I think we should not put too much more energy in the 'programming vs damage' theory debate...
chicken&egg question, whether it is DNA Methylation changes causing DNA Damages; or, the inverse, DNA Damages causing DNA Methylation changes - Or Both, which comes first...is not so important anymore. What is, is finding a way, to tackle them both and if we can do it just by damages or just by methylation; then so be it/that's great. It seems that methylation changes promote damages because of activating/deactivating genes that participate in that; such as, tumor suppressors p21, p16, p53 which all of them raise ROS levels to destroy tumors. These damages, then, will incur more methylation changes. It is why we see methylation changes happening very early, long before, the disease happens. Thus, they are like the 'building steps' to the arrival of whatever disease. As the methylome changes (first)...the disease will happen.
The damages from the arriving disease will only accelerate further changes in methylome as 'response'...so activation and responding feedback loop...Both of them are causal to aging.

In any case, most of these clocks are great to detect the health/longevity and do something about it. But, as Reason says, no matter, we must repair damages and stop our methylome/epigenome from crumbling...otherwise, all this is just data - for - data (ok it's useful for 'qualifying/quantifying' the population's health (and gauge what to do) but...we still age in that time; the time of compiling data/infos-for-infos has to end now it has to be the time of action/acting on it (we know all these clocks - time to Reverse them) and making a therapy that reverses/stops/ends aging.

Just a 2 cents.

PS: Before it's too late. (I can't count the number of times I telling myself ''Why do they not act on it and like...follow up on their study results...like, building a therapy or something....''.

PPS: ''Oh right (forgot)..I know why...money (/lack there of), that's why (plus everything else (FDA, ethics,...)''. At least, at least ..At The Very Least they could say ::''Ok...someone do something about it...we give you the blueprint..now do it from your end''. They should actively seek the people who will do something/make something out of it. I think that there is at least 70% of research that pile up and nothing done on/about them. They merely are compilations ending the graveyard of medical litterature; kind of like that clock 'GrimAge'...grim (reaper) indeed (that is a pretty grim clock). Well that clock is now in GrimReaper grave of studies that sleep (forever) with others. When are we going to Deter Them from that hole and make something about it/we collect too much bones there (boneyard), a cemetery full of promises; alas, broken ones. Thankfully, AdG SENS, saw that before and did not waste time to do something about it; also kind of like Mrs. Parrish doing telomerase (and skipped everything), they are doing something about it (because they know time is amiss/life short). At this point, you must take it in your hands sort of and defeating aging will be the most collective But individual thing...everyone wants to live longer...but not eevryone can (because poor/rich people), so it becomes a ''will You live longer...You/alone/as 1 individual/with 1 body/1 life/1 You in You (because only you can Act on You, since only you, in you''. No one can save you if you can't save yourself/act on yourself to get help/to get saved. What will you do For You/Your Life? As selfish it sounds. And, collectively, for the others too. Thus, an Individualism (1st), mixed with Altruism (in 2nd). We would all like to be altruist first, but then that means that our own person is not as important/some people are like that (they would give their life for others, over theirs; pure selflessness (is rare)). Because if you don't care about your life/you, then, there is no you. How will you survive, alone, if you can't valorize your own self/you/own life. We cannot be 'carpets'/door mats 'welcome' to step on by others. My father would say: ''Don't let anyone step on you, you're not a doormat''. Thank god I understood, it's how I was ablve to defeat by disease (atherosclerosis) and Live/Survive. Valorize my survival. Otherwise I'd be dead. People are starting to connect the dots (lightbright), they need to take aging seriously and stop it with the 'we age...we die, and that's that; so get used to it; nothing can do about it, your number will come'.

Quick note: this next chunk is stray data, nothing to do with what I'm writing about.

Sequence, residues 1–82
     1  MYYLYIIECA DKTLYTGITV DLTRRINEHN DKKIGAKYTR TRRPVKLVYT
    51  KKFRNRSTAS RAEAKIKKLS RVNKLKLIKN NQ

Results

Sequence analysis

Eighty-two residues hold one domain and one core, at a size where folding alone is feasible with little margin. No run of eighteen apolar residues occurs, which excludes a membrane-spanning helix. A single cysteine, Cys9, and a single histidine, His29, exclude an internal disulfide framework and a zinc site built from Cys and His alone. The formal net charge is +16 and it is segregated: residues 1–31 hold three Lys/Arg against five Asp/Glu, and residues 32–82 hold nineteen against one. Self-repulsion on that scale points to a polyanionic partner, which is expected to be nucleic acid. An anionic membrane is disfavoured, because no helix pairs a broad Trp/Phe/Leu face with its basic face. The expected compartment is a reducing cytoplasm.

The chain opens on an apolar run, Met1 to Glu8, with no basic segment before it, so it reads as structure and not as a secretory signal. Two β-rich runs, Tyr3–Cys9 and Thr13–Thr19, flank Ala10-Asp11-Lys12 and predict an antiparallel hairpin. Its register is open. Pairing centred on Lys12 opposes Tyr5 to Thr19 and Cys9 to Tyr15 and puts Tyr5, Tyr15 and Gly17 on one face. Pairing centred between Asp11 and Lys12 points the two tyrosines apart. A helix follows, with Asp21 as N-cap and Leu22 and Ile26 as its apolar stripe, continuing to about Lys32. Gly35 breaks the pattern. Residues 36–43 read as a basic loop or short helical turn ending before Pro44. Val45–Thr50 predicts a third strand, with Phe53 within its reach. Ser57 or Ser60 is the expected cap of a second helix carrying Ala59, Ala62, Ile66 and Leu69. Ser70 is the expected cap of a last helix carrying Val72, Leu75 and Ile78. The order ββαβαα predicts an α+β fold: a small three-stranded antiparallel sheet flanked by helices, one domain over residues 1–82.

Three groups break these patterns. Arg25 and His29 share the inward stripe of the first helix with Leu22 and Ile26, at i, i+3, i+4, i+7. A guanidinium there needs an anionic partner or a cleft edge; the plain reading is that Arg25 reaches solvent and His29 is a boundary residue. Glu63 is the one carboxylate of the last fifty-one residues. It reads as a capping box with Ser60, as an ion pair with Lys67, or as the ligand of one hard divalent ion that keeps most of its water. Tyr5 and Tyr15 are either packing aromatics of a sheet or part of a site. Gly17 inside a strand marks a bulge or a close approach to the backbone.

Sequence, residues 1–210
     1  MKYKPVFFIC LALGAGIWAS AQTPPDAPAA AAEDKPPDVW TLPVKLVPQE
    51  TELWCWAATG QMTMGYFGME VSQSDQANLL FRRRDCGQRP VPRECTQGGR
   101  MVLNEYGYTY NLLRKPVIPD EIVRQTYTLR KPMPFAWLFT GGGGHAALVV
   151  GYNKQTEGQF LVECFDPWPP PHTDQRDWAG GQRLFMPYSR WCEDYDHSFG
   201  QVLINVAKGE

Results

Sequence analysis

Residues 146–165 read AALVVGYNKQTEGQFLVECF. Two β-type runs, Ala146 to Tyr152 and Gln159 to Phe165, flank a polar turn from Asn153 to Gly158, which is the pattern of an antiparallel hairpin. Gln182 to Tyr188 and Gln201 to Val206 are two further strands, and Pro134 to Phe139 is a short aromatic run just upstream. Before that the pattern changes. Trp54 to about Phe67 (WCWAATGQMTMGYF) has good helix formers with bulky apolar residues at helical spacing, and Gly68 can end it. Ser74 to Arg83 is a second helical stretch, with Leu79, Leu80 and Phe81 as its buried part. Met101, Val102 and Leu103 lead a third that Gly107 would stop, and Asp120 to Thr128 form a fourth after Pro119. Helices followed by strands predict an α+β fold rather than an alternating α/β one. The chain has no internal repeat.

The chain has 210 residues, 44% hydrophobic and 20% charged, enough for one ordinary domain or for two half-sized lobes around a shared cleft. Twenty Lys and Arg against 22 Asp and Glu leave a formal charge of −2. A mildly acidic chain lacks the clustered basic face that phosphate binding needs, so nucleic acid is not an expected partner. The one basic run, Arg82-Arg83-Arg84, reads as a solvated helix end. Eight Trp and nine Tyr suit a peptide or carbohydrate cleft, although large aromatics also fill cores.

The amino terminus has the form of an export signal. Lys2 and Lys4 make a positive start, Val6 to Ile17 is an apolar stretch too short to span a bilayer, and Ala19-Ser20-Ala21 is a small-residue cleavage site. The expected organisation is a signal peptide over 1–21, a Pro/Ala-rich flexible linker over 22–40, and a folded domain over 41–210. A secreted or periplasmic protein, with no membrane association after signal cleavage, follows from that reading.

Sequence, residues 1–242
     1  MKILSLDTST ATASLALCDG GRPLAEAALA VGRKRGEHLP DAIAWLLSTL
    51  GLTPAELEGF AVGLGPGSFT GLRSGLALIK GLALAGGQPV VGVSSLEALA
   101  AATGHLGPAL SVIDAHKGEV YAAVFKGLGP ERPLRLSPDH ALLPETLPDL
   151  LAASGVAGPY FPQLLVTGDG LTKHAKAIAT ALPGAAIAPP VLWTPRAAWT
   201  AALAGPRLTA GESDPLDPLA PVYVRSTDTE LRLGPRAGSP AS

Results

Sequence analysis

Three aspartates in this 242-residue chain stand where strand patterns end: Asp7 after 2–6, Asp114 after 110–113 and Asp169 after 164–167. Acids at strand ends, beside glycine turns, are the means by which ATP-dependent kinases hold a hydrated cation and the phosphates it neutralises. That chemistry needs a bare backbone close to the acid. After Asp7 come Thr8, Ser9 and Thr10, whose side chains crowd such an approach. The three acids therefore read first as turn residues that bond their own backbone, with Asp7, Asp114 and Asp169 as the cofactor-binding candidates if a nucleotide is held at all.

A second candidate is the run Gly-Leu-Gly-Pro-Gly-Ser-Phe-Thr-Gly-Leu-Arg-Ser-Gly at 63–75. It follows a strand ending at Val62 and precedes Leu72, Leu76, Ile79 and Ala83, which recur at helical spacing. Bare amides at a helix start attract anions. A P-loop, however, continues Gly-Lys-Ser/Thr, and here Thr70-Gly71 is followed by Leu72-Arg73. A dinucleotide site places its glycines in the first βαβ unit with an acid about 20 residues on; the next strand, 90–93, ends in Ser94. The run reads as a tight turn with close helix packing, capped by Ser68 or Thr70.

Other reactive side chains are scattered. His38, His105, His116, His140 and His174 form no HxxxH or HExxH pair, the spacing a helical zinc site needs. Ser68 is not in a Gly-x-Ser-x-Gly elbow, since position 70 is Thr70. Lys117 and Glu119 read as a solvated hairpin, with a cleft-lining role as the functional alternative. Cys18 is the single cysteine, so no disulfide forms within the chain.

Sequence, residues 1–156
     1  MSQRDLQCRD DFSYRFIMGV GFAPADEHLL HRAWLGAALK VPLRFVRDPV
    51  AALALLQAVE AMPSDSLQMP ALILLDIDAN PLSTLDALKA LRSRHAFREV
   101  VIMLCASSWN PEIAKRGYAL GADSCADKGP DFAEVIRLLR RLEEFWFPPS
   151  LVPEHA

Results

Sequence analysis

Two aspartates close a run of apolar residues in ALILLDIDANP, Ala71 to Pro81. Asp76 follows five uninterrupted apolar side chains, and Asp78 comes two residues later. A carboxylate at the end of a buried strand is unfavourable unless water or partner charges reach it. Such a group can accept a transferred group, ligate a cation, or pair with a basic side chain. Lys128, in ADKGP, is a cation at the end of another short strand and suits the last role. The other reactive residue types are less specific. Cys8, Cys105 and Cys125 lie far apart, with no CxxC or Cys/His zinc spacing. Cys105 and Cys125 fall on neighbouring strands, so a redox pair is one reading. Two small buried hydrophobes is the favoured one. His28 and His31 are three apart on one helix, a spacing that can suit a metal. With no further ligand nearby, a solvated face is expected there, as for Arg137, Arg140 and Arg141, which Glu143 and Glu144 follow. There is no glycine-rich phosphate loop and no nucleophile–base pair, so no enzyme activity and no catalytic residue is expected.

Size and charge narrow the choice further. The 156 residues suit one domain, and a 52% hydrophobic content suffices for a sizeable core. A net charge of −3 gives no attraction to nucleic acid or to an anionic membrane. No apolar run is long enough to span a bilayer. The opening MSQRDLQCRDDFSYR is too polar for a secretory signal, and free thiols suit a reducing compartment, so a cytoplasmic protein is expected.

Posted by: CANanonymity at September 8th, 2020 3:21 AM